Harpers Ferry or Bust: It’s Not All About Katahdin
There are a few picturesque images that flash through one’s head when mentioning the Appalachian Trail. For me, it’s the ponies. For Instagram, McAfee Knob. Successful thru-hikers: the sign at the peak of Mount Katahdin. You know the one. THE sign thousands of hikers get on trail to climb atop and get their picture taken with. It signals: YOU HAVE MADE IT! You have successfully completed an Appalachian Trail thru-hike. That’s not the case for all. NOBOs only. SOBOs get the pleasure of awkwardly posing next to a lil cute baby plaque affixed to a rock on top of Springer Mountain. Me? I’m gonna dance, boogie, and slip-n-slide into the Harpers Ferry ATC at the end of my thru-hike.
The flip-flop way of the trail is the much less popular journey. In fact, when I tell people how I plan to hike the trail they usually respond with:
Nah, that’s cheating
I react with a quick
That’s not a thru-hike Yuh huh
Why would you do it like that? lotsa reasons
First the basics,
- less impact on the trail
- less people and crowding
I’m embarking on Earth Day. I love Earth Day. It’s my second favorite holiday, because let’s be real, nothing beats the extra hour on fall back daylight saving. In fact, even when I worked night shift, and one o’clock round two would creep around, I wouldn’t get too upset. Instead, my coworker Shamanda and I dubbed it guacamole hour and celebrated with some homemade avocado deliciousness.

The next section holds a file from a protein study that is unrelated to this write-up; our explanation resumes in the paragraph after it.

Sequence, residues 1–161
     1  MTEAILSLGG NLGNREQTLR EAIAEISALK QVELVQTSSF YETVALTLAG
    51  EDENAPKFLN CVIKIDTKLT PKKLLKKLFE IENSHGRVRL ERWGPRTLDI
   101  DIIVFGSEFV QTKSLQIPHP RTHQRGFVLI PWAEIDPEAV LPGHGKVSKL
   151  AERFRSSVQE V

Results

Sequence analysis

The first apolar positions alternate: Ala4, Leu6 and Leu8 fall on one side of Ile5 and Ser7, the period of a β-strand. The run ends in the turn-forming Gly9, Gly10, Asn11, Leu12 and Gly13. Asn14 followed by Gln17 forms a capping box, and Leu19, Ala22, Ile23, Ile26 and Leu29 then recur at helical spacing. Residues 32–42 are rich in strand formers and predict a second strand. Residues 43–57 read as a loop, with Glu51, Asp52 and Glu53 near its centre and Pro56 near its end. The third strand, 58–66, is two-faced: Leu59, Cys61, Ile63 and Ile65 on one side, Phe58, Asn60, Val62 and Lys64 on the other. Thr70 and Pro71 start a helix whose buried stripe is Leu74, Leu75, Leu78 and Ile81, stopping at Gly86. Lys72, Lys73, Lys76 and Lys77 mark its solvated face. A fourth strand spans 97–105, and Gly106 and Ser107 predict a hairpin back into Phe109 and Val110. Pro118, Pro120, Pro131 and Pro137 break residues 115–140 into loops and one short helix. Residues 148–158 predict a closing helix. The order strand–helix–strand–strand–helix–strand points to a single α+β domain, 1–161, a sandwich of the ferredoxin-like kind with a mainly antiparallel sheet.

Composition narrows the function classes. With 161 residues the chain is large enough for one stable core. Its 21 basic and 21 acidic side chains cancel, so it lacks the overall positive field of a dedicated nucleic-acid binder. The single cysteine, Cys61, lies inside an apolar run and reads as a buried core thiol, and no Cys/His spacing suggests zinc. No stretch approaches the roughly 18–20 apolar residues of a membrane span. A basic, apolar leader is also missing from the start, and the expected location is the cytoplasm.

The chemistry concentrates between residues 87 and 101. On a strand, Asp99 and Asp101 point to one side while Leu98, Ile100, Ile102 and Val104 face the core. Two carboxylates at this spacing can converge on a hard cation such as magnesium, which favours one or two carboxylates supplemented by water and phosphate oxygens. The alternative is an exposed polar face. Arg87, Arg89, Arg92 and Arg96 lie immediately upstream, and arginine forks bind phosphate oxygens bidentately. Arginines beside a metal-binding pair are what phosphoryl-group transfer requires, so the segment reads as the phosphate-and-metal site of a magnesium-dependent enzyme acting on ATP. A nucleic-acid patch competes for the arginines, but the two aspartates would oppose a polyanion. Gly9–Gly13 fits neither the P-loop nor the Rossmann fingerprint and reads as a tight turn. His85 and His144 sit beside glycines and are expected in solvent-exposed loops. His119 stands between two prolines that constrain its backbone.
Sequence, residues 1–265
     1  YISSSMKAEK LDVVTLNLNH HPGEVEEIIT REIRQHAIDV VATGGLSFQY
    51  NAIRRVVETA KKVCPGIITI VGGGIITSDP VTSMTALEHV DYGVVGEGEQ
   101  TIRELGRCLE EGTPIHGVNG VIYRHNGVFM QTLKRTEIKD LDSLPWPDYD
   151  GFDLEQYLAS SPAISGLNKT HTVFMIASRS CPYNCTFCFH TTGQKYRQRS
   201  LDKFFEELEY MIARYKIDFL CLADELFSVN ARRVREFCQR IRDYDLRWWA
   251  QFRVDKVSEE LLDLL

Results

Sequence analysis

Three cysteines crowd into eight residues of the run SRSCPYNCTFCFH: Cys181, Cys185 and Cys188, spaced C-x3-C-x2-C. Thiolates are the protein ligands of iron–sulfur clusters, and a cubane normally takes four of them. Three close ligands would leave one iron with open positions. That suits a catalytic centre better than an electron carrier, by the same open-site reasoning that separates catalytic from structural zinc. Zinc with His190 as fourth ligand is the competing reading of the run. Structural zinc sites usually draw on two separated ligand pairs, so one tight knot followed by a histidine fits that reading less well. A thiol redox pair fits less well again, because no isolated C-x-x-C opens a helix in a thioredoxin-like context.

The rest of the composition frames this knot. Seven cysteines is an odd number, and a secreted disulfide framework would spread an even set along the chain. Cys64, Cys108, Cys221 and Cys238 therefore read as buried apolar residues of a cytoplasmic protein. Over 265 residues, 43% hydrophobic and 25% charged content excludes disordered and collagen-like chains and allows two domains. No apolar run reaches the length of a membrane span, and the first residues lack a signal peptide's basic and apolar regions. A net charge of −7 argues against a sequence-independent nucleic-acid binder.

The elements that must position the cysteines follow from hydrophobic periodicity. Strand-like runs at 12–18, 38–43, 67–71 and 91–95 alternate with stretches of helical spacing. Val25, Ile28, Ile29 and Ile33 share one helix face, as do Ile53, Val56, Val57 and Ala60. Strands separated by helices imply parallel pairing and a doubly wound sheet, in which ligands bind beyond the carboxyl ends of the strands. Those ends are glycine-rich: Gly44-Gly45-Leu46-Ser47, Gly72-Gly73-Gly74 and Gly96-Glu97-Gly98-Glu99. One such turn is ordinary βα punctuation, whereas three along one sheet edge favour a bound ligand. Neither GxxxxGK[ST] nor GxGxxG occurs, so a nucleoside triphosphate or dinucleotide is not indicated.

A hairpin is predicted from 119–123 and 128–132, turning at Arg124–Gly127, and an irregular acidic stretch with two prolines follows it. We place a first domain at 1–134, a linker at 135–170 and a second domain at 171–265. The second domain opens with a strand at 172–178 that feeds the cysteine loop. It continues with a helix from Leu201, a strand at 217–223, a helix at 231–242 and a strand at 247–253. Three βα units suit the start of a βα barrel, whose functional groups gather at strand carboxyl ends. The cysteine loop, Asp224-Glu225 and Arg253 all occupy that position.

I am a self-proclaimed modern hippie. I typically have bags of recycling in my trunk that I dig out of garbage cans or pick up off the street. I am super conscious of water and electricity waste. I give the evil eye to Styrofoam users. I rarely take a plastic bag and will drop ALL my items, one by one, on the way to the car in order to punish myself for not bringing my reusable bag. If I know you well enough, and it is warranted, I will gladly lecture on my soapbox about how your individual decisions affect the environment.
When I discovered the negative impact of the increase of hikers on the AT, then subsequently learned there was a way to limit my own, choo choo I’m all aboard!
Get Away from Me
I am letting the weather work in my favor. The rain will come. I’m cool with that. But the snow. That dreaded snow is not my friend. I know my role and I know my comfort zone. My original plan was to be a SOBO hiker. However, watching numerous hikers in previous years have to get off trail after being snowed out in the Smokies, well, I changed my plan.
Back Where We Started
It’s time to step foot on trail. Although I’ll start and finish at the exact same spot, I most certainly won’t be the same person. There won’t be a point A to B straight line that I follow. My path will be fragmented but my journey will be continuous. I won’t have that Katahdin sign to pose in front of or on top of at the end. But my feet will travel the same path, and it certainly still counts. Catch you on the flippity flip!
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